Brits abroad - Lee Sharpe
Continuing our Brits abroad series in which we speak to players and coaches to get the lowdown on their time overseas, Adam Bate talks to former Manchester United and England winger Lee Sharpe about his spells in Italy and Iceland.
By Adam Bate - Follow @GhostGoal
Last Updated: 07/01/13 5:30pm
Lee Sharpe played more than 250 games for Manchester United and won three Premier League titles, all before his 25th birthday. His career then took him to Leeds United before making stop-offs in Serie A with Sampdoria and the Icelandic league with Grindavik. Adam Bate caught up with the former England international to find out more about those adventures abroad.
How did the move from Leeds to Sampdoria come about? It was David Platt who signed you?
Yeah I'd been with Platty at England. He gave me a call and asked how things were going at Leeds. I'd not been playing so I had the chance to go over there.
And it was a good opportunity at that time...
Absolutely. They were a great side and it was a massive opportunity at a massive club. It was just a shame really that it didn't work out.
Did you enjoy the lifestyle in Genoa?
I absolutely loved it. Both the city and the training ground were fantastic. I was in an apartment for a couple of months but unfortunately not many of the players spoke much English. So the language barrier was a bit of a problem.
Why do you think it didn't work out?
I'd had a while out with a cruciate knee injury. I wasn't properly match-fit. So they put me on a training programme and in matches I was getting half an hour here and an hour there. But after four or five weeks Platty ran into difficulty because he didn't have his coaching badges and it all fell away really. He left and Luciano Spalletti came back so I wasn't playing and it became a bit frustrating.
Spalletti had been sacked just before you arrived but returned when Platt was unable to resolve the issues around his coaching permit. Was his return effectively the end for you at Sampdoria?
It was yeah because Spalletti came in and said: 'I don't really know you. I've got my players from when I was here before that I'm going to stick with because I know them.' And that was about it really. I was enjoying it but when you know you're not going to play and you can't speak the language it becomes a bit of a lonely place so I decided to come back.
And Sampdoria were relegated that season despite having the likes of Vincenzo Montella and Ariel Ortega there...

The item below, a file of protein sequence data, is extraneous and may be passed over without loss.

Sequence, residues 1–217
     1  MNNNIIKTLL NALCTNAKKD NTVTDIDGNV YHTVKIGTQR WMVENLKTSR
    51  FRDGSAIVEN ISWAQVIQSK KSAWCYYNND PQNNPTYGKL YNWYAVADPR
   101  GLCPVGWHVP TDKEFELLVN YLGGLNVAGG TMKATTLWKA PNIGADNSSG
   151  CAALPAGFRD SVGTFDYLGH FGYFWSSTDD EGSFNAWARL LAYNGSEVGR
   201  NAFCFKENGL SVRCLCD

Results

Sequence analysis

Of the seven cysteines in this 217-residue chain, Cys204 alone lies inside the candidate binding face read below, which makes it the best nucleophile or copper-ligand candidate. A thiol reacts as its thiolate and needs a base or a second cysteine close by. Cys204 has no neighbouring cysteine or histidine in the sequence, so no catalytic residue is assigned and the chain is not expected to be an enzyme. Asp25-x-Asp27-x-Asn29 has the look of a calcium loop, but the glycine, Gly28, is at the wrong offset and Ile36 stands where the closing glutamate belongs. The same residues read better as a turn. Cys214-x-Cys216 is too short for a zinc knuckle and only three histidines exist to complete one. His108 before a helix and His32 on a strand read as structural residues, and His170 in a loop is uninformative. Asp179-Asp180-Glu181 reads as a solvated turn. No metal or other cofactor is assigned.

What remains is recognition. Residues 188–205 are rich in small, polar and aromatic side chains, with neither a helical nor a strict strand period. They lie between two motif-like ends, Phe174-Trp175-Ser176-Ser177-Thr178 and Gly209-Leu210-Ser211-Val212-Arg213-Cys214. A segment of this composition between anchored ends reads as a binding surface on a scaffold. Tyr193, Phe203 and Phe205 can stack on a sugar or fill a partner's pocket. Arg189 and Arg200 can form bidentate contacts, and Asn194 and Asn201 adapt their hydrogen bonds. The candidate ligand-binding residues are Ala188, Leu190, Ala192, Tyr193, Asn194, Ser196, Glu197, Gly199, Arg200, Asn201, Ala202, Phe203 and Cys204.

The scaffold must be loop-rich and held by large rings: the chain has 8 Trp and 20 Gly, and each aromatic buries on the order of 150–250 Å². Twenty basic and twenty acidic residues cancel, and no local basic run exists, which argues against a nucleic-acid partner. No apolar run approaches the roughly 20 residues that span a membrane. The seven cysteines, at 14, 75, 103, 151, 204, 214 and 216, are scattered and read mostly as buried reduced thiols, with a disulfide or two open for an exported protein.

We had some decent players. I think the problem was that because of the Platty situation - we came over together - the supporters thought I was there to replace Ortega. It was totally wrong because we were completely different players playing in different positions. I don't think the situation helped either of us really. It was just a lack of communication.
Four years later you resumed your adventures overseas when you signed for Grindavik in Iceland. What sparked that move?
I was only there for about seven weeks or so. I met someone who asked me to go over and do a talk there. And then they said, 'Would you play?' So I went there for a while and it was alright but Iceland is a funny place to live. It's very small. I just thought I'd go over there for a little while and see what it's like. The people there were great, the crowds were great and I enjoyed it but it just wasn't for me.
How did you find the standard of football?
There are some good players over there and you get one or two coming over to England in the Premier League. It's pretty high tempo and they're all pretty fit. It's a bit like League Two or Conference standard football with a few Premier League and Championship level players thrown in.
They took the football pretty seriously though. They imposed a drink ban didn't they?
They came to me and told me there was a total drinks ban during the season. I thought, 'You can't do that!' I don't mind Premier League rules of 48 hours or 72 hours before a game but if I've got friends coming over to see me...
I'd been professional for 16 or 17 years and I wasn't going to abuse it but I'm not going to play semi-pro and do that. I was training twice a day while everyone else was training once a day so it wasn't as though I wasn't doing my bit. And I didn't go out for the first six weeks I was out there so it wasn't as though I was out there on a jolly.
But you'd recommend the experience of playing abroad?
Without a doubt. I think you need to try everything in life - experience new things then come back and share them. I'd still love to go abroad and have another go at it even after football.
Lee Sharpe was speaking at the launch of The Football Pools 90 Day Community Challenge at Frome Town AFC, who received funding of £50,000 to makeover their club. For more information or if you would like to get involved with the 90 Day Challenge through donating time, funds or materials please email firstname.lastname@example.org. Play The Football Pools at www.footballpools.com.